Jerry Chomyn, University of Guelph adjunct professor, revealed the statistic after completion of an operational review for the University of Guelph-Humber.
The work was conducted during the 2017-18 calendar year and also revealed that the school needs to “find a new site,” and this possibility was described as “currently being actively explored.”
Chomyn was the head of media studies at the time of the review and authored most of the report.
“The reality, the building that we’re in, we have filled it to capacity.”
Rani Dhaliwal helped organize the review. She’s the senior vice-president of transformation and strategic partnership and a member of the steering committee for the review.
“We’ve done projections on this campus. How could it grow here with the tightness of the space that we’re experiencing today, but also to be frank we need to keep our mind open. Where could it be, and what’s the future opportunities?”
Dhaliwal said it’s early in the process to project expansion but a future strategic plan will look at enrolment and “opportunities for different programs that we perhaps don’t offer today.”
Chomyn said despite full enrolment, safety regulations have not been compromised.
“It just means that classes have to go later, exams are scheduled on the weekends. I mean things that we haven’t had to deal with before all the sudden have to be looked at. And so as a result we have classes from eight in the morning until nine at night.”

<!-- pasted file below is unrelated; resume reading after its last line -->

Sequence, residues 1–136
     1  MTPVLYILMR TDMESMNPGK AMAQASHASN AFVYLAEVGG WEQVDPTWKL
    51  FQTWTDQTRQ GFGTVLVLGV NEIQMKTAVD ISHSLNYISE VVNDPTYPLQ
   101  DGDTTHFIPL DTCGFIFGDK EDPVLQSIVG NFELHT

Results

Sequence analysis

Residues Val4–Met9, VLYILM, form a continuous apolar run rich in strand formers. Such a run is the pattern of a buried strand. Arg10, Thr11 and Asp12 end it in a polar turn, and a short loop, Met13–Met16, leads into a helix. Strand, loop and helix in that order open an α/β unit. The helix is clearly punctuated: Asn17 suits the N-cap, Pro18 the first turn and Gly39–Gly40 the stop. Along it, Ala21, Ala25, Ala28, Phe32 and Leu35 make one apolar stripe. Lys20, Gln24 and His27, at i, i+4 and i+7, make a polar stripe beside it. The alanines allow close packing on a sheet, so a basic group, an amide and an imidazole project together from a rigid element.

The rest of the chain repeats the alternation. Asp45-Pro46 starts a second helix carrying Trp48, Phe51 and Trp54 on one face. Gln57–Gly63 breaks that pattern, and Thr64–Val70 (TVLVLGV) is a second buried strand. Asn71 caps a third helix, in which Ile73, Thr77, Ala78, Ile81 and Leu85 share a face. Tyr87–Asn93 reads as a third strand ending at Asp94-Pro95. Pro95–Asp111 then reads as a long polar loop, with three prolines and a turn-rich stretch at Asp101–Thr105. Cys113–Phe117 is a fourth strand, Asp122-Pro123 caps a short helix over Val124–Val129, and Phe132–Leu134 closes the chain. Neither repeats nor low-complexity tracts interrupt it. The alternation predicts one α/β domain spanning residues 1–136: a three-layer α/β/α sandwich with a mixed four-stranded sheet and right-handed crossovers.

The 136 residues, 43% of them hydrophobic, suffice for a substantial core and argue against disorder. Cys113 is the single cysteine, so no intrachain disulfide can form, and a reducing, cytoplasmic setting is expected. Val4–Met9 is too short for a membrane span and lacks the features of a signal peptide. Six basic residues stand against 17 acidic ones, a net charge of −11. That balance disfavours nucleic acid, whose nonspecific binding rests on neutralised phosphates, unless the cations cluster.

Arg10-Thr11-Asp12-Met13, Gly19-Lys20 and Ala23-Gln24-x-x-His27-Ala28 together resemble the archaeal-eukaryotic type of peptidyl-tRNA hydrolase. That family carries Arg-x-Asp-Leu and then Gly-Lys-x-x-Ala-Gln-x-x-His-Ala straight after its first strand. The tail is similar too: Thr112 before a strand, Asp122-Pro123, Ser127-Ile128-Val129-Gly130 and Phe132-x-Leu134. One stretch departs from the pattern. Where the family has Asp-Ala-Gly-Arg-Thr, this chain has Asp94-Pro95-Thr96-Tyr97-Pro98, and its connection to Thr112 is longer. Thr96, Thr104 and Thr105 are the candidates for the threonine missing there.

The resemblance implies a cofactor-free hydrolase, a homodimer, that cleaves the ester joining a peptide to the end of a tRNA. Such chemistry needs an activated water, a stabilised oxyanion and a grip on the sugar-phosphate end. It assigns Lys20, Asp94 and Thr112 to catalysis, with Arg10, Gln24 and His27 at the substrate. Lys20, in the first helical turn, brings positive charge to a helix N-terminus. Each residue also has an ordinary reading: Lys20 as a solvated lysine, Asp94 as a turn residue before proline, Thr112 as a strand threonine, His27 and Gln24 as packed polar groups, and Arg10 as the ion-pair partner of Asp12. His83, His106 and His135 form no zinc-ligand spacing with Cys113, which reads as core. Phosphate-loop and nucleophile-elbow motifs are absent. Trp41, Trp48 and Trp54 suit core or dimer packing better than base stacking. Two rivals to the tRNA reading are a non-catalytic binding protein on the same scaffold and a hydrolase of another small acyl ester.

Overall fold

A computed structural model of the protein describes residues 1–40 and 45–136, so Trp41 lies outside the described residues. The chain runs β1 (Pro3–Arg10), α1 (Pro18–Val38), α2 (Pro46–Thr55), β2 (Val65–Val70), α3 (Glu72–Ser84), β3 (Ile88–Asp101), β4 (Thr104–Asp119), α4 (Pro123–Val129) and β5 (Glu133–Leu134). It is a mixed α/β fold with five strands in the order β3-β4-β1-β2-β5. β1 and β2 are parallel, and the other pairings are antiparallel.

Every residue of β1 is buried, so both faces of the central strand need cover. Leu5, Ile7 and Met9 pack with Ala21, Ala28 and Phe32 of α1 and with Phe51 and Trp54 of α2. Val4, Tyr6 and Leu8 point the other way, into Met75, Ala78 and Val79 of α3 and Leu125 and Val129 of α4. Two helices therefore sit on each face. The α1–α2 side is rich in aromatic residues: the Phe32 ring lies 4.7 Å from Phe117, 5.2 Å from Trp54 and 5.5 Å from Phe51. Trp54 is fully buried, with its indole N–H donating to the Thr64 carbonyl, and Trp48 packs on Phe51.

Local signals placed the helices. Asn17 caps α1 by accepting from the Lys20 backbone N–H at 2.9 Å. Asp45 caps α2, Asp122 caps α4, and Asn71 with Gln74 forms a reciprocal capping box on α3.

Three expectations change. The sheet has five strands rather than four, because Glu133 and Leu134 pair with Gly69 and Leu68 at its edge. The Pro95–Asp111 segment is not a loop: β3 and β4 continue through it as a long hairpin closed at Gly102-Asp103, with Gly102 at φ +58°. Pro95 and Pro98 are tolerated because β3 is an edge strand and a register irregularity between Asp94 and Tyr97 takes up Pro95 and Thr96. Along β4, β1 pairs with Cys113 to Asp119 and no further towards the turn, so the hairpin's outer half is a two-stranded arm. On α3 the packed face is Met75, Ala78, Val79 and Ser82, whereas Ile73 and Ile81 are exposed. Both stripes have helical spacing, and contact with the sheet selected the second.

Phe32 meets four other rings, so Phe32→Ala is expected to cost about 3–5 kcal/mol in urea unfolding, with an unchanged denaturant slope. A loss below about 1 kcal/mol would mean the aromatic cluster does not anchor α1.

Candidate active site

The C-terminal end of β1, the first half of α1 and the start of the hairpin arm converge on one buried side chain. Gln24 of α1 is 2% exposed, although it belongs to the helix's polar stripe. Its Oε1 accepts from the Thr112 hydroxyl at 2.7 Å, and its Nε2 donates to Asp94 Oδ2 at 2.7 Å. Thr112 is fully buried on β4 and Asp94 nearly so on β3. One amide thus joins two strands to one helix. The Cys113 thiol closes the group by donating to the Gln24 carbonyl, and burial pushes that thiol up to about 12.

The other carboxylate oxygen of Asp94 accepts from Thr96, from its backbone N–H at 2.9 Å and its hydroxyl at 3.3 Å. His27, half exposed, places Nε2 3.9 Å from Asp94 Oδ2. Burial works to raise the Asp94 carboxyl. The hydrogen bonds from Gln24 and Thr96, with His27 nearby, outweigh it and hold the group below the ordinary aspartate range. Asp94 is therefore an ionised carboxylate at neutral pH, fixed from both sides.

Kellie Cao, a second-year early childhood studies student, said she would like to see an expansion at the university.
Cao finds the school to be overcrowded, to the point where she is unable to find seating around campus whether it is during the busy hours of the day or not.
According to the operational review, the lack of space at Guelph-Humber has led to another problem.
The provincial government has created a new funding model where enrolment is tied to funding.
Due to the space limitation at Guelph-Humber, the review said that enrolment growth will be constrained within the next two to three years. This could result in a decline in funding and may lead to an increase in tuition.
According to the review,
“The province will negotiate an enrolment level for which a university will receive stable enrolment-based operating grants for the duration of the three years, providing enrolment remains within a pre-defined corridor.”
Dhaliwal said that, “We will probably start to look at it once we have a sense of what the enrolment growth is.”
She added it would be premature to comment on this now and would be a better question to ask once a strategic plan has been done.
She didn’t say when the strategic plan would be completed.
As to possible tuition increases, Dhaliwal said that it is a matter for the provincial government to decide and that it was out of the school’s hands.
The Minister of Training, Colleges and Universities Merrilee Fullerton said in a statement, “We are making reasonable and pragmatic decisions on projects as we return to balanced budgets.”
The operational review can be found here.